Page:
However, they note that MINT will look to continue its portfolio rebalancing efforts through accretive acquisitions and selective divestments of non-core assets. It has earmarked up to $1 billion of assets that it could potentially recycle; but this would be done selectively and unlikely at distressed or at steep discount to book values.
“In terms of acquisitions, MINT indicated that while current prices of data centres are lower than two years ago, pricing is still tight when compared to current funding levels,” they say. “In addition to data centres, MINT highlighted that it may also look at hi-tech properties catering to R&D and life sciences.”
Likewise, Dale Lai and Derek Tan of DBS acknowledge that MINT has been strengthening its defences as interest rates bite. With its “strategic pivot” to invest in data centres which now form close to 50% of its assets, the analysts say that MINT is one of the largest new-economy REITs in Singapore.
Despite also recognising the REIT’s steady gearing and rental reversions, Lai and Tan note that MINT is fast approaching the phased expiry of AT&T’s lease in the coming two years. The lease contributes about 5.1% of gross rental income as of Sept 2023, and two out of three data centres will be progressively returned to MINT in FY2024.
“The manager remains in advanced negotiations with a replacement tenant to take up one space,” they say. “The downtime from higher vacancy rates have been priced in our estimates.”
The DBS analysts note that while investors will likely focus on near term risk factors from the expiry of the AT&T lease, they believe this has been well flagged out and priced into estimates. A positive catalyst will come from the ability to re-let the vacant space in order to reduce the near-term downtime in earnings, they add.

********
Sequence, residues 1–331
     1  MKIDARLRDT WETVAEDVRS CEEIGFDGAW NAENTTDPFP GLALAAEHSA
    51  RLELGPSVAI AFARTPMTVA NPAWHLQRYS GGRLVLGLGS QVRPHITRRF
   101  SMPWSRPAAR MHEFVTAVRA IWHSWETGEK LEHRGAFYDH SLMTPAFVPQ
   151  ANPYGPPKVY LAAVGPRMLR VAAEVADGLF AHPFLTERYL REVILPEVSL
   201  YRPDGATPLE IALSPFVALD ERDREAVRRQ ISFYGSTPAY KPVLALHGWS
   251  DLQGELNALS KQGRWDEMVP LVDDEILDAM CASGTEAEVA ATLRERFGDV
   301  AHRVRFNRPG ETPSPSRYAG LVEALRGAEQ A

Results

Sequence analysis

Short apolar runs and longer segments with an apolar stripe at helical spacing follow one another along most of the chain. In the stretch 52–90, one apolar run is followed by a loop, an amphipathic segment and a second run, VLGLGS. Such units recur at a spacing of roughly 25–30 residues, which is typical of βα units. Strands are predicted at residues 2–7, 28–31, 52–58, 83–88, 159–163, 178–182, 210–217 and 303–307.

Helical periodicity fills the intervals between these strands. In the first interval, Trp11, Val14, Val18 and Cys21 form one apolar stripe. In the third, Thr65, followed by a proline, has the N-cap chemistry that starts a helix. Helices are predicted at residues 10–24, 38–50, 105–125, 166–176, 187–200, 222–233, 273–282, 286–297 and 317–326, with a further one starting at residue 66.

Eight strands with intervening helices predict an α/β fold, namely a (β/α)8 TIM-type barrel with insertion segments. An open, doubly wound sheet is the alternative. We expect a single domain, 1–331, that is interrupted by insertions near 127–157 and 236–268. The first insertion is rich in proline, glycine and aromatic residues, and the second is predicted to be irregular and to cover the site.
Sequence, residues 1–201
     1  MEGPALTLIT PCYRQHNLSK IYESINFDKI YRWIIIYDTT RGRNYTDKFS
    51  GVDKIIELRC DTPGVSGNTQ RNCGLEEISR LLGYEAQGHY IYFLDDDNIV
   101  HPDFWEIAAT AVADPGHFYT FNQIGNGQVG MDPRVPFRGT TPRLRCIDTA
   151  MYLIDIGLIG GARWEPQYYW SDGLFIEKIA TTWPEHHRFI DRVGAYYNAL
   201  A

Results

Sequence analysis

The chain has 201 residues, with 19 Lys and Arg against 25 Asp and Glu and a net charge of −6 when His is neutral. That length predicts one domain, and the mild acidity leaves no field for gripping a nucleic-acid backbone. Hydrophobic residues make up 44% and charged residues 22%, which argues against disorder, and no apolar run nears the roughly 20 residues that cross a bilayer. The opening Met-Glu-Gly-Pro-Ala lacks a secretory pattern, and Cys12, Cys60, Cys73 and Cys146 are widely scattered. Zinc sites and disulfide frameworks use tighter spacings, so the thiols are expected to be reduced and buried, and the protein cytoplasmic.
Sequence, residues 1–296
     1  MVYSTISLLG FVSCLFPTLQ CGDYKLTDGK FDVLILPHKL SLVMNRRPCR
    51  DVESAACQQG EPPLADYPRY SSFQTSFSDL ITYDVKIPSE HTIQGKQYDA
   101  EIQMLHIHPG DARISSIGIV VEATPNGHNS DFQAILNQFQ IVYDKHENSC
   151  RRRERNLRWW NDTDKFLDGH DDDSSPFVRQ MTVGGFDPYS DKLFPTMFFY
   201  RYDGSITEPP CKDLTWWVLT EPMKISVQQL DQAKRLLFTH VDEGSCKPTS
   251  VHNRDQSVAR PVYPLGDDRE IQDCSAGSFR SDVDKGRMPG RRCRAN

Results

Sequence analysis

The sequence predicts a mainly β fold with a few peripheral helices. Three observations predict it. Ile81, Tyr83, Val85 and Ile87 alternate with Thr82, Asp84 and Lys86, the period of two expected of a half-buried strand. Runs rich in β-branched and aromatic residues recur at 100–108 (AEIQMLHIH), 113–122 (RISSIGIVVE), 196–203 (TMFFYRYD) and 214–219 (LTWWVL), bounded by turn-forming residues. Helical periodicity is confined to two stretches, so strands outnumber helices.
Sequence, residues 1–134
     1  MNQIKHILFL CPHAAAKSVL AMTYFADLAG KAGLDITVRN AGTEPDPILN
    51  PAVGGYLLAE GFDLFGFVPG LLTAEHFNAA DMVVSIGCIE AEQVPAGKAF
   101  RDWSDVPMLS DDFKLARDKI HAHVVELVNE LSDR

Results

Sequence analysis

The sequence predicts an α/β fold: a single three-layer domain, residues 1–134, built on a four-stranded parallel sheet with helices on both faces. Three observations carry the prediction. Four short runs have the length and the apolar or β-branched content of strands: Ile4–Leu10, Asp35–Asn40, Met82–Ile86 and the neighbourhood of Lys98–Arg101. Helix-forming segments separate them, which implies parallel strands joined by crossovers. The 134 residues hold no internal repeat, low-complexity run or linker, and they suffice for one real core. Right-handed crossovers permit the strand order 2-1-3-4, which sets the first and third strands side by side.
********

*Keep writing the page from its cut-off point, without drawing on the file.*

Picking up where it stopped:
“We maintain our buy call on MINT and target price of $2.60, as we like MINT for its attractive FY2024-FY2025 yields of about 6.1%,” say Lai and Tan.
Similarly, UOBKH’s analyst Jonathan Koh notes that the cost of debt is expected to increase slightly in FY2025 due to replacement of expiring interest rate swaps. After fine-tuning his assumption for cost of debt, the analyst has trimmed his FY2025 DPU forecast by 3.5%.
Koh notes that the REIT’s outlook is clouded by geopolitical uncertainties and tight financial conditions. However, it is on the lookout for data centres to acquire, as it has the right of first refusal from the sponsor Mapletree Investments to acquire the remaining 50% stake in their second data centre.